Presbyterian. — A large congregation assembled at the Presbyterian Church last night on the occasion of Rev. A. M. Beattie delivering an address to those persons, in connection with the Presbyterian body, who had been benefitted during the recent evangelistic services in this township. The service was of au unusually intonating character, and the appropriate remarks of the Rev. Mr Beattie were listened to with rapt attention. We understand that, on an early date, a meeting of those interested will be held to establish a Christian. Temperance Society in connection with the church. Edwin Booth’s Fear op Death.— Edwin Booth, while playing an engagement in Chicago, wrote a letter to the superintendent of the Elgin Insane enquiring if Mark Grey is still confined there. ‘Being informed that Grey was still safely within the walls of that institution, Booth concluded arrangements to play in Chicago; but did not feel safe in visiting that city if Grey was still at largo. This was the young crank who attempted to shoot Booth in M'Vickers’ Theatre three years since, and who upon trial proved to be insane, and was sent to the Asylum. Grey still maintains that Booth is his father, and it is well known that the young man boars a strong resemblance to the distinguished actor. Power’s Party. Harry ; Power’s amusing little company gave a I most successful entertainment at the Town Hall last evening to a fairly satisfactory house. The programme opened [with the amusing trifle “Bustle and • Bounce,” which served to introduce Mr Power and Miss De Gloriau in a number of clever disguises. The piece abounds with songs; which, last night, were re- , peatedly encored. “ May and December;” or, “An old Man’s Darling,” was the next item, and in this both Mr Power and Miss Do Glorian again acquitted themselves with credit. The evening’s amusouent wound up with a mirth-provoking ketch entitled “The Fascinating O’Fo;arty. To-night (the last appearance of he company) there will be an entire hango of programme. Ashburton Hunt Club.— The hounds ret at Mr John Corbett’s residence on ’hursday, when an unusually large mi miser of sportsmen took part in the pro•oediugs. The fences were of more moderate dimensions than those which have prevailed in the previous runs this season, and the ground being sound, falls were few and far between. The scent was -thoroughly bad, but the hounds stuck well to the lino, and the pace was very fair. From so largo a field it is impossible to particularise the large proportion which rode straight, but we wore pleased to notice Mr Max Friedlandor again occupying his old position in the van. The mister (Mr H. T. Winter) was agiin para'oularly happy, in the discharge of lut.ios for which he is remarkably well 1 mil i tied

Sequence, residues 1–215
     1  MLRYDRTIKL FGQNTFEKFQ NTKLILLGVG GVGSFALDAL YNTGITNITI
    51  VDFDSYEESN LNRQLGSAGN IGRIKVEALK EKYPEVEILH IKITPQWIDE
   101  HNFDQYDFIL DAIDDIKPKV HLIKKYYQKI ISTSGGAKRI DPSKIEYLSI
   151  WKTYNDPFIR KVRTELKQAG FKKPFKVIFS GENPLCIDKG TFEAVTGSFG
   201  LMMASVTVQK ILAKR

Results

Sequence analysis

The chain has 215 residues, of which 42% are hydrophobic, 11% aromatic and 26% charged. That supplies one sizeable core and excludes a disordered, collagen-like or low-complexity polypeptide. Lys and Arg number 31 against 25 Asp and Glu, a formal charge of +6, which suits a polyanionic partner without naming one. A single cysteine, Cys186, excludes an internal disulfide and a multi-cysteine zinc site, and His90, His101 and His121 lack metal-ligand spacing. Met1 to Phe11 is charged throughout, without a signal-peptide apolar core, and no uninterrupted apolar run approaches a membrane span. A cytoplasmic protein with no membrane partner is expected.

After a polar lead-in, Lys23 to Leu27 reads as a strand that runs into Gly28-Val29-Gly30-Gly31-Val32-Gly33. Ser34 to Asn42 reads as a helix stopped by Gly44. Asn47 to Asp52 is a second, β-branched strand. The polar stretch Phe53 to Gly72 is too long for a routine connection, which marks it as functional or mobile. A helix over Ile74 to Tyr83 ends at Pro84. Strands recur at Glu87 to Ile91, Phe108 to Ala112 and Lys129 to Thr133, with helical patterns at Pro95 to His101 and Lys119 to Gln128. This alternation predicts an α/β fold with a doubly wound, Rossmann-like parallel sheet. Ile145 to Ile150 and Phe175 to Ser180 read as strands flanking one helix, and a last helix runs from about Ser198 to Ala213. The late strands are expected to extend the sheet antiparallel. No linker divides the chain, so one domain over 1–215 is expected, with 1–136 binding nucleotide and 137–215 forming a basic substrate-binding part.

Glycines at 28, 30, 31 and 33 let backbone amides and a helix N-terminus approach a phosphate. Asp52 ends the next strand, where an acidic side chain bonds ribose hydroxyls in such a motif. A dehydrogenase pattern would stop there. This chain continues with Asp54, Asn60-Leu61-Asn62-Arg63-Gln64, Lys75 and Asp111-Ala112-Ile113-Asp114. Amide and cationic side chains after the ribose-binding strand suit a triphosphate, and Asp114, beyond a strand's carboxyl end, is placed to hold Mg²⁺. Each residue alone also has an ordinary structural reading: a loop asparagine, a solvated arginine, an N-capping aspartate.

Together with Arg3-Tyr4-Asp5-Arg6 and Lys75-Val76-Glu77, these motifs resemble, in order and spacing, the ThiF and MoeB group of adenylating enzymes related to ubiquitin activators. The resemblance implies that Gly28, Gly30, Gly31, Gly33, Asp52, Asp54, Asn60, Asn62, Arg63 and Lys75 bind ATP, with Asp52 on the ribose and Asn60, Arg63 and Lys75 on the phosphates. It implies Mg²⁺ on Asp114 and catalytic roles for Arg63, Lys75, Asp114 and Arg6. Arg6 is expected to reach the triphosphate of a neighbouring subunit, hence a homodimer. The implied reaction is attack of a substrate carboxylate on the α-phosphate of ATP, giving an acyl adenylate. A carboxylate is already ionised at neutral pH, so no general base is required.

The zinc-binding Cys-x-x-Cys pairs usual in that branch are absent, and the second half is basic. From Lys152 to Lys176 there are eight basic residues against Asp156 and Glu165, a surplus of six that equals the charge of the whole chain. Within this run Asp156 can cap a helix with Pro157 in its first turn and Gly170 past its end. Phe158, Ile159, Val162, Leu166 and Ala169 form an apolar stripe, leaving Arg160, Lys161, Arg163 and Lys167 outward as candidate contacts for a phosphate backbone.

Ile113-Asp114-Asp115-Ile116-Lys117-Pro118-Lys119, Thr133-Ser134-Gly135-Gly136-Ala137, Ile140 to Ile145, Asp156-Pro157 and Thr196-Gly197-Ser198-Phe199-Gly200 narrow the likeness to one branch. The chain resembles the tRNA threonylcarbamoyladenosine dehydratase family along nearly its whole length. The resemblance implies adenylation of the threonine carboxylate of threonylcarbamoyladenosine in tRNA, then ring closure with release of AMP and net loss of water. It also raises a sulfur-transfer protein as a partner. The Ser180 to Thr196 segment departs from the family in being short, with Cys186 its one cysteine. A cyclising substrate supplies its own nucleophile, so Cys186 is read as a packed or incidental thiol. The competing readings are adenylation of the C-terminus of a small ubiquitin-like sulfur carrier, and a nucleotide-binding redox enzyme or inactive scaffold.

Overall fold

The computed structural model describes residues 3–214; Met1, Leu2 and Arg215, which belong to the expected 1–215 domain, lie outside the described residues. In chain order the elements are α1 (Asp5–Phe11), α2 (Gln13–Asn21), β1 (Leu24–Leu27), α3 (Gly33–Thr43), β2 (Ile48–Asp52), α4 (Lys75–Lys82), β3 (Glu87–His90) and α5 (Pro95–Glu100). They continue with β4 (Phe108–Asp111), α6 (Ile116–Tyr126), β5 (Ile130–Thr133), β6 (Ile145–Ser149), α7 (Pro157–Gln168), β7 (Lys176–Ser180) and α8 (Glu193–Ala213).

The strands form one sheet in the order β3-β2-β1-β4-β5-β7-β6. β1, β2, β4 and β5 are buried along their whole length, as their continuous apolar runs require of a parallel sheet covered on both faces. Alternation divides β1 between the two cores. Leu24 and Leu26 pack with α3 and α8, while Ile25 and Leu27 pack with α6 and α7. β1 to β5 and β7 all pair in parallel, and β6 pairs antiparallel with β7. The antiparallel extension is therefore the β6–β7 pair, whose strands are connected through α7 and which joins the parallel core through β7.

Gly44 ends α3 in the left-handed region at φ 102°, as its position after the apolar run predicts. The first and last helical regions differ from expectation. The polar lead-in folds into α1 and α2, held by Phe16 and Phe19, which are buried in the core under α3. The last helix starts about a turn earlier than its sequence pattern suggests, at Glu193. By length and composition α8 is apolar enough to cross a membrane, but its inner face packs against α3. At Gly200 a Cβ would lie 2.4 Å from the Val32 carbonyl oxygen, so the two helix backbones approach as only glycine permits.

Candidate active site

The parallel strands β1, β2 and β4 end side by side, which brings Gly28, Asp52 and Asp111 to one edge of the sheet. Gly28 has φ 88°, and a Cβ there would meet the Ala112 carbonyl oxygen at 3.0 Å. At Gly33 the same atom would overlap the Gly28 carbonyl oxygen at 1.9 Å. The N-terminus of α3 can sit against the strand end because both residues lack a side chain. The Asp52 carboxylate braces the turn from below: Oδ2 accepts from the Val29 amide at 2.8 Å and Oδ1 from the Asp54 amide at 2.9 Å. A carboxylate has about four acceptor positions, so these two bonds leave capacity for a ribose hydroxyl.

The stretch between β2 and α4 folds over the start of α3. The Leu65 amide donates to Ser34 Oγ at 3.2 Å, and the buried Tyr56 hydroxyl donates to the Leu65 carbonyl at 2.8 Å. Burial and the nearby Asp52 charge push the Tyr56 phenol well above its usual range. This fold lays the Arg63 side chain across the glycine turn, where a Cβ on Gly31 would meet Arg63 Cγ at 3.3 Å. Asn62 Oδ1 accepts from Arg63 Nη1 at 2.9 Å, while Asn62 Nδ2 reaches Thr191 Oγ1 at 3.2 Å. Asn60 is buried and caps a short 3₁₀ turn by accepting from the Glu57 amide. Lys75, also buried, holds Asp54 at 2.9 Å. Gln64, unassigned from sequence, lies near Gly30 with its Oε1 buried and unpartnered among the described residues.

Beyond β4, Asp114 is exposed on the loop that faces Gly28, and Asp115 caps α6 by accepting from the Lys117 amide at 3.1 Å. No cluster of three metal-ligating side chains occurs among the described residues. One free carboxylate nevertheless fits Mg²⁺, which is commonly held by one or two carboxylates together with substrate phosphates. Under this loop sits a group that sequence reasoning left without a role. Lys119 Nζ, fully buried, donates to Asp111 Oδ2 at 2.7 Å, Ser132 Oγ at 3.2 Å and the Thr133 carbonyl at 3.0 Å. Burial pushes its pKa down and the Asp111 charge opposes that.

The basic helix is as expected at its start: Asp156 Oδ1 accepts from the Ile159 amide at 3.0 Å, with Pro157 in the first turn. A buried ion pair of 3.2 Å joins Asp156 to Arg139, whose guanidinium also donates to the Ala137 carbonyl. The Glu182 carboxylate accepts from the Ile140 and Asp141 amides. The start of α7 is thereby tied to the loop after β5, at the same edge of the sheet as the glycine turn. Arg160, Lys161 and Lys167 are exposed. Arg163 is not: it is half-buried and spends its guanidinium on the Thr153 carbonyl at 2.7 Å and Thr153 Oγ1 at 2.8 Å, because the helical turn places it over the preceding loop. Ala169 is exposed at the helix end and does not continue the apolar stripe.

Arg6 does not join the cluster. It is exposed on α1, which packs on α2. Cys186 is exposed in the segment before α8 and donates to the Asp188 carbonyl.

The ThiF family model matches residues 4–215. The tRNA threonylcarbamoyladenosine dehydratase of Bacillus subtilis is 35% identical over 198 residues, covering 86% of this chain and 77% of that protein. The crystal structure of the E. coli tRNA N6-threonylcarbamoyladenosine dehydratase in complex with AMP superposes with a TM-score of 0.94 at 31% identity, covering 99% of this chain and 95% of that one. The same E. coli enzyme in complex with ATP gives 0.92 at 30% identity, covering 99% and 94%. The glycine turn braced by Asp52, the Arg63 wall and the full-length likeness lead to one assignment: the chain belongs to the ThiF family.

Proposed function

The ' Stanmore Seat.—The Pms Special, wiring from Wellington last night, ays : —lt leaked out that on its becoming mown that Mr Pilliet intended to claim is. seat, tho Clerk of the House of Ropreantatives (Major Campbell) sent a cable lessago to Sir Erskine May, tho Clerk of le House of Commons, submitting to his pinion tho diflnult point of Parliaicntary procedure arising in connection itli the Stannibro election, and a reply as received which tho Parliamentary ithoritiea doomed to have strengthened ioir hands materially. It is understood vat some sort of indemnity motion will i introduced as-applying to his case ; and . as is fully anticip ited, this is adopted, r Pilliet will at once offer himself as a ndidate for the Stanmore seat, with all obability of being elected unopp iscd.